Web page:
THE month of June is here. It was one of the most exciting days as children in the past. The smell of new notebooks and pencils was exciting. It was also the time to have a new pair of clothes. Our parents need to hike to Lagawe to purchase all these basic school supplies with all their available savings since life before was only revolving around the agricultural cycle.
The old school in the village was located at the top of a ridge. For us located in the lower areas, we needed to hike for around 30 minutes to reach school. Along the way, we navigated through rice fields, rivers and wood lots. Most of the time, we arrived at school early. But sometimes, we were late arriving at school when we enjoyed picking and digging fruit trees and tubers. Nevertheless, our former teacher waits for all to arrive before starting her lectures.
At recess time, there were no candies and other processed snacks. We just maximized indigenous fruits and edible plants around the school as our snacks. Time was irrelevant, sometimes we forgot time and returned during the afternoon classes. We were usually dismissed earlier to give more time for our walking home.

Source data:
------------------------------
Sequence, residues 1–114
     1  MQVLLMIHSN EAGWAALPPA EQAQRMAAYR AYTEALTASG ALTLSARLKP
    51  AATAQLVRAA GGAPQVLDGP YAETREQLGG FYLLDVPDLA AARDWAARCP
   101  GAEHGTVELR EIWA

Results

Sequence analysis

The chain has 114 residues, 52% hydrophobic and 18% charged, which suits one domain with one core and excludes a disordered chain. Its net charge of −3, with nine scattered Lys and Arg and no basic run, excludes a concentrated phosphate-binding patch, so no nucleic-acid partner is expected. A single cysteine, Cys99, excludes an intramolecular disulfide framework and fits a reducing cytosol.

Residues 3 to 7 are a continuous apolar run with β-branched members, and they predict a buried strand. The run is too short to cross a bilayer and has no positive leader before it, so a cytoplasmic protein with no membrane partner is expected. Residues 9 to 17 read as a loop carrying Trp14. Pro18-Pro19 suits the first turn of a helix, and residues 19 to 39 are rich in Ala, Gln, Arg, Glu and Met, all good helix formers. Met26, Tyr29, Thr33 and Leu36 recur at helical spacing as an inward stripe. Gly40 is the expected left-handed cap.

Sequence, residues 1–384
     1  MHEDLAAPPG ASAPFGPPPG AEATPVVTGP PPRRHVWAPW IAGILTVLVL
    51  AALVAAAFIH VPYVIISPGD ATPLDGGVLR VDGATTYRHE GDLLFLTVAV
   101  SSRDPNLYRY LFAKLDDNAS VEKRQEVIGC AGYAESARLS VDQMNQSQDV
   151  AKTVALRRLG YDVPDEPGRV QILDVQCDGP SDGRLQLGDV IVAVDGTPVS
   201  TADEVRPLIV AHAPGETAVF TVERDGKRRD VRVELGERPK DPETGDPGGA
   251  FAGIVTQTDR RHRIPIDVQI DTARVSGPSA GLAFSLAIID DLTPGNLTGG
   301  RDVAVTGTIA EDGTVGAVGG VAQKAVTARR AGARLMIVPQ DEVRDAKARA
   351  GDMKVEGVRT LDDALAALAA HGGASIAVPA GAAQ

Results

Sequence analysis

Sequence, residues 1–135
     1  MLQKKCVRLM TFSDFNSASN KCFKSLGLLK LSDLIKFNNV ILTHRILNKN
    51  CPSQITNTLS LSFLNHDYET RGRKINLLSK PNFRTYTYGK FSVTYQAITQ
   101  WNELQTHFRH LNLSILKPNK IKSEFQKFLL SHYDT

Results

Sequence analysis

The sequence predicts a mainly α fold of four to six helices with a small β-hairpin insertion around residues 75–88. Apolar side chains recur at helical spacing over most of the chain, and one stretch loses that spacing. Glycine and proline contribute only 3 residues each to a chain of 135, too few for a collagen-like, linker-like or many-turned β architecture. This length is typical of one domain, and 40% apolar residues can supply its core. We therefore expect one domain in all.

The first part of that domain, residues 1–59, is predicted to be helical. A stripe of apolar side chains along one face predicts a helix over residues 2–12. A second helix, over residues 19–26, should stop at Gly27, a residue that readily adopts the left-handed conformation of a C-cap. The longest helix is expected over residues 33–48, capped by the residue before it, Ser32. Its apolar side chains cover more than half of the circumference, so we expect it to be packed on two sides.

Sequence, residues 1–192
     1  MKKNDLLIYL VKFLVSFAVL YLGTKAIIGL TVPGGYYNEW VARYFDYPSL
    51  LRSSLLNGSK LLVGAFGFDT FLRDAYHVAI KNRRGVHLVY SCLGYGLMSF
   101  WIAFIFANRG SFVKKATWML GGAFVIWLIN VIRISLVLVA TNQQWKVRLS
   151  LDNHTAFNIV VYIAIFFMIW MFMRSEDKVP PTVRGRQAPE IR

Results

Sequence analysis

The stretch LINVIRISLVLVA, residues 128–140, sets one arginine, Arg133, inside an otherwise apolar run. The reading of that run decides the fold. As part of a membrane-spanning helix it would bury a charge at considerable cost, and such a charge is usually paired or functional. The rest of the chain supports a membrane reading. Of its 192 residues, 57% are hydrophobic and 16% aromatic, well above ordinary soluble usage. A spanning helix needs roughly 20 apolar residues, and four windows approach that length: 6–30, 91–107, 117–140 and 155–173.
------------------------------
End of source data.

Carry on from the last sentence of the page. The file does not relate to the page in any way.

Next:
Most of the time, the teacher provides pencils and papers especially by midyear when most of our supplies have already been used up. At one point, when there was no chalk to be used, our teacher used charcoal. It was difficult to read the letters. We needed to position ourselves against the light coming from the window in order to read the letters. It was funny.
One enjoyable moment before was lunch time. Aside from rice and vegetables and the occasional meat, the most “kaimasan” ulam was the tuyo (dried fish). We could only enjoy it if our parents bought from the market which is far from the village. Since lunch boxes were not popular before, banana leaves were maximized. Food was shared among friends and neighbors.
Going to school was supported by our parents and the community. In fact, schools and the cleaning and maintenance of schools were shouldered voluntarily by the community people. In their belief, finishing school will make life easier. “Mun-iskul kayu ta pumhod biyag yu. Adi kayu pay mamaptangan, mapipitok ya mauda-udana,” (Go to school to improve your lives. You will be not work under the sun, rain and even getting muddy.)
This constant reminder of our parents made us alienated from the land nurtured by our parents. We tended to see life in the village as inferior and backward. We developed the idea that working in the rice field will not bring progress.
Along with my friends and neighbors as one of the first graduates in the village, we agree now with our parents that education has opened up more opportunities for us. But with education, we also realized that the land has a lot to offer and life in the village is not backward. In fact, education and life in the village made us more rooted in our culture and ways of life. And this is a continuing conversation among us in the village on how to balance education, village life and the challenges of the 21st century.